Resisting pleas from Republican allies like McCarthy to explicitly call off the attack, Trump delivered a mixed message that day, embracing the rioters and endorsing their cause even as he called for peace and told them to go home. While one of his lawyers told the Senate on Friday that "at no point" was Trump informed that the vice president was in danger, that was contradicted by a phone call described by Sen. Tommy Tuberville, R-Ala.

Despite conflicting and sometimes fragmentary accounts, the House decided to proceed with impeachment and the trial without conducting a real investigation or calling witnesses.

The managers concluded that the available record was compelling enough to make a judgment, but they have conceded gaps in their knowledge. "There's a lot we don't know yet about what happened that day," Rep. Joaquin Castro, D-Texas, acknowledged at one point during the presentations.

The Trump defense team has sought to use that against the managers, arguing that they irresponsibly relied on unverified news reports and social media postings. "The House managers did zero investigation," Michael van der Veen, one of the former president's lawyers, said.

But the Trump lawyers evidently did little if any inquiry into their own client either, given that they were unable to respond to specific questions from senators about what the president knew and did during the rampage. And Trump rebuffed an invitation from the House managers to testify and clear up any confusion.

Even so, the presentations over the past five days clarified and framed the events of Jan. 6. The managers played Capitol security camera footage and police dispatch recordings while harvesting the enormous volume of videos and photographs posted on social media and other accounts by reporters, police officers, rioters, and members of Congress and their staffs.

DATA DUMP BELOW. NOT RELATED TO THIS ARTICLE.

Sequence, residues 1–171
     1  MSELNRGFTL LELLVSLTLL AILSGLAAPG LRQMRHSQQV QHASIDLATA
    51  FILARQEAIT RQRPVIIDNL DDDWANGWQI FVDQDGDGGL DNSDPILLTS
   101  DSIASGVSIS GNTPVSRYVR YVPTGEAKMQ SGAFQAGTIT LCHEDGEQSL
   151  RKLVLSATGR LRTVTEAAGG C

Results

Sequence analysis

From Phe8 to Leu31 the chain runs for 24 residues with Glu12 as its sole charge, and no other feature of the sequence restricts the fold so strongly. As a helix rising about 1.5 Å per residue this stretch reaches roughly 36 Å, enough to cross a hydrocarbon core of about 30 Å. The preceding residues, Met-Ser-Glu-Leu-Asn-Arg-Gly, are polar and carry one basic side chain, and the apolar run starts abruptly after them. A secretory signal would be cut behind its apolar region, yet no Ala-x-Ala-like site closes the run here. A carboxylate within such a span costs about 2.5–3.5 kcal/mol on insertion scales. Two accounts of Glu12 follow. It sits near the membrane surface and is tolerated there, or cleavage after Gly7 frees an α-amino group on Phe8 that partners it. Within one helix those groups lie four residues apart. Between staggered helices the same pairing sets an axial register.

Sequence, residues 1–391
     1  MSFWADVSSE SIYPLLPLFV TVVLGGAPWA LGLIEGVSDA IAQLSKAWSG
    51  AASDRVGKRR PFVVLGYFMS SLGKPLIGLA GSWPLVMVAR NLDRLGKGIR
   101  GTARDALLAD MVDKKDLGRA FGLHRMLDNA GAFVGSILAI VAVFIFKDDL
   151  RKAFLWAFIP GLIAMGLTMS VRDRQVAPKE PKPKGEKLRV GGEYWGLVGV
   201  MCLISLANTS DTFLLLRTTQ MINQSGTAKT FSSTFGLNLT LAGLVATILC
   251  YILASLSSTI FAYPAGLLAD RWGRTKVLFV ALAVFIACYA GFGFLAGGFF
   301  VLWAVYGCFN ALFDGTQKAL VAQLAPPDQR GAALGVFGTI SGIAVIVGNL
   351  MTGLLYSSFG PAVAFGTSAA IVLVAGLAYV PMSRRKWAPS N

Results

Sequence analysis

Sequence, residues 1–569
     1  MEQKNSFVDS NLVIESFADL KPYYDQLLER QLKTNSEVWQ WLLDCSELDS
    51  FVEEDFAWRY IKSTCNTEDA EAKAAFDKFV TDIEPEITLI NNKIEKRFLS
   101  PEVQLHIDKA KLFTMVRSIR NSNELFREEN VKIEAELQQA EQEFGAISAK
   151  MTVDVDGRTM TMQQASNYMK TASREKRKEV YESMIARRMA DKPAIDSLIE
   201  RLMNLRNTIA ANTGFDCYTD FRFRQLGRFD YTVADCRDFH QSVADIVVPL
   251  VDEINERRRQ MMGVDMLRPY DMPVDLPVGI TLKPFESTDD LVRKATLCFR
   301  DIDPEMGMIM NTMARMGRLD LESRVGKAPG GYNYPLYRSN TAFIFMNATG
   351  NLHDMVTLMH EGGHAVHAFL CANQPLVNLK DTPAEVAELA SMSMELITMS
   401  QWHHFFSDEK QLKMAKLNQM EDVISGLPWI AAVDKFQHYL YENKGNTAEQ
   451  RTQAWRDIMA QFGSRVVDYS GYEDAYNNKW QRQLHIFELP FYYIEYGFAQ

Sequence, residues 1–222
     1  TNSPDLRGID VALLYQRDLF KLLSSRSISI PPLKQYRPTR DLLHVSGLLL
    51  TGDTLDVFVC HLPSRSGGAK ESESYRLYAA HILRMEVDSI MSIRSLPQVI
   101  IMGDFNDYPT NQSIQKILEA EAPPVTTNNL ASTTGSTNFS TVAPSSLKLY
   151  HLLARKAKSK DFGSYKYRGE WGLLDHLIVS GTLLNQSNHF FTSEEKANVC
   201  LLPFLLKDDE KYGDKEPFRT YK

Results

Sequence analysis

Some of the senators learned for the first time just how close the attackers came to them.

Perhaps the most searing new details were audio and video recordings from police officers trying — and failing — to protect the Capitol. The radio communication became increasingly frantic, with one officer saying over a din in the background: "We have been outflanked and we've lost the line!" Another said: "They're throwing metal poles at us!" They were attacked with bear spray and some sort of fireworks. One officer was dragged down a set of stairs; another was beaten after falling to the ground.

Managers documented as well the sheer scale of the desecration of the building itself. One worker had to clean feces off a wall. Another had to wipe up blood. And it was the sounds of that day that some remembered most vividly: the pounding on the door of the building, the crash as glass was smashed, the whispers of staff aides hiding from the crowd.

How much Trump was to blame for the onslaught was left to the Senate to decide. The defense team decried the House managers prosecuting the case for inflaming the senator-jurors with "manipulated video" that it argued proved only that the rioters committed crimes, not that the former president did.

Even then, the managers' presentation brought home in emphatic fashion just how much some of the rioters thought they were acting on Trump's behalf or even instruction, whether he knew it or not.

But what really struck some senators, particularly the handful of Republicans open to conviction, is what Trump did next — or what he did not do. Despite pleas from Mc­Carthy, other allies, key aides and his daughter Ivanka Trump, the president was still more focused on pressing his effort to block the election than coming to the aid of his vice president and Congress.

When he called Tuberville, according to the House managers, he was not checking to see if he could help, but to re­iterate his objections to the election vote process.